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Yvon Le Roux of Cisco Previews the 2007 Cisco Public Sector Summit at Nobel Week


There is a buzz in the public sector. Government departments worldwide are feeling empowered to apply the lessons learned in the wider Web 2.0 world to the delivery of citizen services.

Far from being bureaucratic and arduous, today’s public sector processes are increasingly designed to be online, on-demand and on target to reduce time, cost and effort for users and government departments alike.

This trend that has been years in the making, and one of the best forums for observing it is the annual Cisco® Public Services Summit, an invite-only event which brings together some of the brightest minds in public sector innovation for a free exchange of ideas.

Now in its sixth year, the Summit is co-hosted by the City of Stockholm and features an enviable cast of plenary speakers. To find out more, News@Cisco caught up with Yvon Le Roux, Vice-President of the Public Sector for Cisco in the European markets.

What exactly is the Public Services Summit and what makes it different from other public sector events?

Yvon Le Roux: The Public Services Summit is a unique networking event for high-level decision-makers committed to technology-enabled transformation in the public sector.

It brings together senior policy advisors and decision makers in central, regional and local government, defense, education and healthcare from across the globe.

The Summit is organized to coincide with the Nobel Week celebration in Stockholm, Sweden and culminates at the Nobel Peace Prize celebration dinner and concert in Oslo, Norway.

It is a four-day event, which began the evening of 8 December with a welcome reception, followed by two days of thought-provoking speakers and breakout sessions.

The event concludes with a private train transporting us to Oslo to attend the Nobel Peace Prize Concert on Tuesday evening, 11 December.

Is there a theme to this year’s event?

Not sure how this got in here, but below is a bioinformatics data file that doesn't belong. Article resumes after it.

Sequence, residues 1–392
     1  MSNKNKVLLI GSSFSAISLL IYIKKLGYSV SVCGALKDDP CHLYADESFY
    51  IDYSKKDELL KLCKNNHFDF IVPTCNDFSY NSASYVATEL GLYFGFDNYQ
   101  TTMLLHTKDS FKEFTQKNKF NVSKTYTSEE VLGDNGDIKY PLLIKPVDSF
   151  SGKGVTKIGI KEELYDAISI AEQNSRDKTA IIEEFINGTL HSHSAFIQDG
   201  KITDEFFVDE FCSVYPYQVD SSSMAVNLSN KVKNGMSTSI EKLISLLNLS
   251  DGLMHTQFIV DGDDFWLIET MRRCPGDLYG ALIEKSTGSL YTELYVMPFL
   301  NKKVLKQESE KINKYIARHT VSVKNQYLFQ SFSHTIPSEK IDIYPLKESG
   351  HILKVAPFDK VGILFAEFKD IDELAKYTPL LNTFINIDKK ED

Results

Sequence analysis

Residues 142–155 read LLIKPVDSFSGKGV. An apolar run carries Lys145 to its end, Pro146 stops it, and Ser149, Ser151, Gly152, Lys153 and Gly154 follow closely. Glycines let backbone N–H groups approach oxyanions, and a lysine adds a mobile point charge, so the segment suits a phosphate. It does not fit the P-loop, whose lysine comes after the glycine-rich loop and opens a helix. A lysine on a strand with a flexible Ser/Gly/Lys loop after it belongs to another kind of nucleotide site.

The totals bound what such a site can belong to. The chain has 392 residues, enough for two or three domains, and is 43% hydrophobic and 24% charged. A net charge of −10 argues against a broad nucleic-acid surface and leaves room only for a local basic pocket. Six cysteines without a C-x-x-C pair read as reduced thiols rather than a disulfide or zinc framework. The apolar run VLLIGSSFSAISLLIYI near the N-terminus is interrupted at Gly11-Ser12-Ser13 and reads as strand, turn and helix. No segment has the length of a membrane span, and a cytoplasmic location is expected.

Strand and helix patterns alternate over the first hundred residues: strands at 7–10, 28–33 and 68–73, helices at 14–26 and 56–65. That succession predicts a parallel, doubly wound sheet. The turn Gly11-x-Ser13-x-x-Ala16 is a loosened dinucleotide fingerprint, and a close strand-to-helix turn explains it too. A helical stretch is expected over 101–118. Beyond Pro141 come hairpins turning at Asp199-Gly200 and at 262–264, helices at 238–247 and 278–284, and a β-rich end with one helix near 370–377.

Yvon Le Roux: The 2007 event theme is on the Power of the Human Network, which aims to recognize the idealism that underlies the commitment to transformation in the public sector and celebrates the innovation and empowerment that transformation can involve.

The Summit enables delegates to share their views and best practices about the future of the Internet in the public sector and will explore the vision of our guest speakers.

Who are the plenary speakers this year?

Yvon Le Roux: We have a fantastic lineup of plenary speakers this year, including:

* David Weinberger, a U.S. technologist and writer who is probably best known as the co-author of the Cluetrain Manifesto, a Website and book about the transformational impact of the Internet on business.
* Jan Figel, the European Commissioner for Education, Training, Culture and Youth, who was born in Vranov nad Topl’ou in Slovakia and was a research scientist before entering politics, playing a leading role in Slovakia’s accession negotiations with the European Union.
* Riccardo Illy, President of the Italian region of Fruili-Venezi-Guilia and President of the Assembly of European Regions, who is also Vice President of his family’s world-famous coffee-making firm and was twice elected Mayor of Trieste, the town of his birth.
* Dr Georg Thiel, deputy head of directorate, Federal Ministry of the Interior of the Federal Republic of Germany, who has been heavily involved in the introduction of a German single number for non-emergency public administration queries.
* Kristina Alvendal, Vice Mayor of Stockholm, responsible for housing and integration, member of the Stockholm City Council for the Moderate Party and President of two of Stockholm’s fully-owned housing companies.
* Ian Watmore, the Permanent Secretary for the U.K. Department for Innovation, Universities and Skills and former head of the Prime Minister’s Delivery Unit, the Government’s Chief Information Officer, and the first head of the Government Information Technology profession.
* Rajeeva Ratna Shah, Member Secretary of India’s Planning Commission, who is a senior officer of the Indian Administrative Services and has held many positions over his long and distinguished career, including Principal Home Secretary and Secretary to Chief Minister.
* Preston Jay Waite, deputy director and chief operating officer of the U.S. Census Bureau, who in 2010 will oversee the decennial census, the United States’ largest peacetime mobilization with more than 500,000 temporary workers and a USD$11 billion-plus budget.

What are the main issues of interest at the event?

Yvon Le Roux: There are a number of critical public sector issues that stay on the table year after year: how government departments can become more effective, for example, or how they can break down silos and create greater citizen satisfaction.

In addition, though, many discussions are revolving around the new networked communities that are arising as a result of Web 2.0 and other areas of technology innovation.

The public sector is already looking at how to incorporate thinking on these ’people networks’ into new types of service delivery and this is an important area of dialogue at the Summit.


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